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Meet Andy Canales of Latinos for Education in Greater Houston

Today we’d like to introduce you to Andy Canales.

So, before we jump into specific questions about the business, why don’t you give us some details about you and your story.
My story begins with my parents who fled a brutal civil war in El Salvador that killed more than 75,000 people. They immigrated to Los Angeles where I grew up in the inner-city. While I was always eager to excel in school, I didn’t always have access to the resources and the education I needed to succeed. Despite the challenges of growing up in poverty, learning English as a second language, and attending a chronically low-performing middle school, I was able to become the first one in my family to attend and graduate from college.

I did this with the help of my parents, mentors, and great teachers. I’m passionate about education because of the difference it made in my life. This is why I’ve devoted my career to helping children who are in the shoes I was once in.

Prior to leading Latinos for Education in Houston, I worked as a teacher, nonprofit director, corporate philanthropy manager, research director. I now have the opportunity to lead a non-profit that empowers more Latino leaders to get meaningfully involved in the education sector.

Has it been a smooth road?
When my parents – a housekeeper and a mechanic – saved enough money to buy a home, they had no idea that decision would lead me to one of the worst-performing middle schools in Los Angeles. Had they bought a house just a few blocks away, I would have been zoned to one of the best performing schools in the county.

I excelled in elementary school and was afraid that I would not be able to fully realize my academic potential by attending a low-performing school. In a desperate attempt to salvage my education, my mom and I arranged a meeting with the principal at the high-performing school to try to convince him to allow me into his school.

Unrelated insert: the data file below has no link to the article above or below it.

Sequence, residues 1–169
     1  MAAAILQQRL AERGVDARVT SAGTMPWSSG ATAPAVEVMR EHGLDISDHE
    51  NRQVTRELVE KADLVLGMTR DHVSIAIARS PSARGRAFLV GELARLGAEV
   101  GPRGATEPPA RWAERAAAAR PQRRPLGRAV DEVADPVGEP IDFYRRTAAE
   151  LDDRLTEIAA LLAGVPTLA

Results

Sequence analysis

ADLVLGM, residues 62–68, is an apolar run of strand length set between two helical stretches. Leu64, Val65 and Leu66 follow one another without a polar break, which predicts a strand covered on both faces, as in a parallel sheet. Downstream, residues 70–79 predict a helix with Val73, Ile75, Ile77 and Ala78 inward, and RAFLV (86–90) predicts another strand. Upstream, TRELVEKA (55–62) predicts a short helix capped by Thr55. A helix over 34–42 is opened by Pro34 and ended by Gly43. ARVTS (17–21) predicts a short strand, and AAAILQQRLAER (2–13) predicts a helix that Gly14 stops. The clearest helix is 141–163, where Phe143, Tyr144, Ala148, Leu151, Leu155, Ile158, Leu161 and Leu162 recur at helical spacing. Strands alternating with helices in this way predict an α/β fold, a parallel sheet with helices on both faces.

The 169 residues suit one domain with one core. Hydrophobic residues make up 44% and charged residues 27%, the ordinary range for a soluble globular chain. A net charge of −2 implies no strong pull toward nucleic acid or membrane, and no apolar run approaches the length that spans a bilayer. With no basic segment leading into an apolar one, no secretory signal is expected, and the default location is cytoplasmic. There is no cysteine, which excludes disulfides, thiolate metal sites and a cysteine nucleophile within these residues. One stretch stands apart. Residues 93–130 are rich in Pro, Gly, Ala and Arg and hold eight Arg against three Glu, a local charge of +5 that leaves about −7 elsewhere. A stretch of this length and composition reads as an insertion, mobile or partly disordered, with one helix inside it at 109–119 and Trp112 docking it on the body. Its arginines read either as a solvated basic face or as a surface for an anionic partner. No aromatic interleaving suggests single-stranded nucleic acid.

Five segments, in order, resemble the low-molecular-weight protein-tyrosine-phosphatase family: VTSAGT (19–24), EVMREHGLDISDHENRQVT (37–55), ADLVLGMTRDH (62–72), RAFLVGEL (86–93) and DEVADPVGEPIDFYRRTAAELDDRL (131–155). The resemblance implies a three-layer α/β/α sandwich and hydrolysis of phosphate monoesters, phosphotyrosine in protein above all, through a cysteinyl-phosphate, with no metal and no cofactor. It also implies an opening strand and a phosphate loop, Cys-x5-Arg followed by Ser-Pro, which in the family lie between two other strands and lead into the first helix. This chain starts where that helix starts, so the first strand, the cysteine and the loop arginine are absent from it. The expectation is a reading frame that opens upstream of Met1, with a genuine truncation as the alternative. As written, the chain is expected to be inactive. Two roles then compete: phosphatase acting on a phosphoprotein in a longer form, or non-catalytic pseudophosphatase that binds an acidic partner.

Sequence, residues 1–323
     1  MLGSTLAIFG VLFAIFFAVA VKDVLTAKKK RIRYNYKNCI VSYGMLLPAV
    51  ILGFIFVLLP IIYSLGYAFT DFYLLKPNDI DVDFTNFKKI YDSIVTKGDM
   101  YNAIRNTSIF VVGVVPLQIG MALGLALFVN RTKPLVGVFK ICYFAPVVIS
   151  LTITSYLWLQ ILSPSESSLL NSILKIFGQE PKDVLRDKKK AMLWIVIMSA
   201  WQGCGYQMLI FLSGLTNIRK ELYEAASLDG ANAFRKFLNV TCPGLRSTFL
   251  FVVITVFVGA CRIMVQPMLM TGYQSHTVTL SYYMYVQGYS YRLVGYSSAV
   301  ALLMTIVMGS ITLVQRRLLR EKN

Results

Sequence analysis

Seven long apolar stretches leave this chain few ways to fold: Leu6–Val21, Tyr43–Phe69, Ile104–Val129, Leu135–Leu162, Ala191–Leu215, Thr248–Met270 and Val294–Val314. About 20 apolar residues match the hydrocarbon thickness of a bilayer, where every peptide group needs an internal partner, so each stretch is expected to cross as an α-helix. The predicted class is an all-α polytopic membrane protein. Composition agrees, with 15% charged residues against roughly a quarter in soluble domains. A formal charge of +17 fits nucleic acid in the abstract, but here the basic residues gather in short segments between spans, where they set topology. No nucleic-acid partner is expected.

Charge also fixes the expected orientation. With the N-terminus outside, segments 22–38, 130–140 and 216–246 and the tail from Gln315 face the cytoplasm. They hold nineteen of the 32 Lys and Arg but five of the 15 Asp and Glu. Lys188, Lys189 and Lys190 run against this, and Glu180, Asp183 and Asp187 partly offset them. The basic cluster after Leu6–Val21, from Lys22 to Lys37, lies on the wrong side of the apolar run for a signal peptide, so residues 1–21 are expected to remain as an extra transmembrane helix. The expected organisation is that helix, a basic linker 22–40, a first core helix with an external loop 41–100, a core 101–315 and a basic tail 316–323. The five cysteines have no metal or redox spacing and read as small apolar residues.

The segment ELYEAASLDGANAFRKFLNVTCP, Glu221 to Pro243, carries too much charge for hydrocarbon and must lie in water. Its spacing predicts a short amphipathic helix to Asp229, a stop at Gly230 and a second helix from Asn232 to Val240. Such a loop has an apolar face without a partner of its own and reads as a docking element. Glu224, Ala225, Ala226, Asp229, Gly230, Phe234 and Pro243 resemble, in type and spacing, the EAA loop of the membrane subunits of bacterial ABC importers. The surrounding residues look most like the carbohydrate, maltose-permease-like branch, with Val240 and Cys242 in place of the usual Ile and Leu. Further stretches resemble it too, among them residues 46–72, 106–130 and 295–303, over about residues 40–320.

At the meeting, my mom made her case in Spanish to the principal while struggling not to break down crying: “Solamente quiero que tenga una buena educacion.” I quickly translated her plea: “My mom says she just wants me to have a good education.”

It was quite the tearjerker moment but, unfortunately, tears only went so far. I’ll never forget the principal turning us away saying, “I’m really sorry. I wish I could help, but you’re not zoned to this school, and there’s nothing I can do about that.”

I then attended a middle school where I fell further behind academically.

Fortunately, I then went to a high school where I came across caring and knowledgeable teachers who helped me get on the path to college.

While I improved and excelled in high school, I still entered college academically behind. I learned to work extra hard and not be afraid to ask for help. This is what helped me succeed throughout college.

So, as you know, we’re impressed with Latinos for Education – tell our readers more, for example what you’re most proud of as a company and what sets you apart from others.
I am the founding Executive Director, Greater Houston at Latinos for Education, an education nonprofit that develops and places Latino leaders in the education sector, primarily on education nonprofit boards and executive teams.

Since 2005, there has been an increase of 800,000 Latino students across Texas. In Greater Houston, Latino students make up over half of the student population, yet only 1 in 10 Latino students are graduating college-ready.

We believe education needs to improve and in order to improve education, we need to incorporate the Latino experience in the solutions we’re generating for our community. This is why we exist. Through our two annual Latino education leadership programs, we’re ensuring Latino leaders are trained, positioned, and have a voice at the table for the fastest growing population in Houston.

I am also a Harris County Leadership ISD Fellow and a 2019-2020 American Leadership Forum Fellow (Class XLVII). I serve on the boards of multiple organizations making a difference in the community including TEACH and the Latino Texas PAC where I serve as Chairman.

Let’s touch on your thoughts about our city – what do you like the most and least?
I love Houston’s diversity. I can’t imagine living in a place that is not diverse. I also realize that it’s not enough to be diverse – we also need to be inclusive and that requires strategy, which is why I’m so passionate about the work that I’m a part of.

I also appreciate how welcoming Houston is. A lot of people in Houston weren’t born here, so there is a sense of home here that is uniquely comforting.

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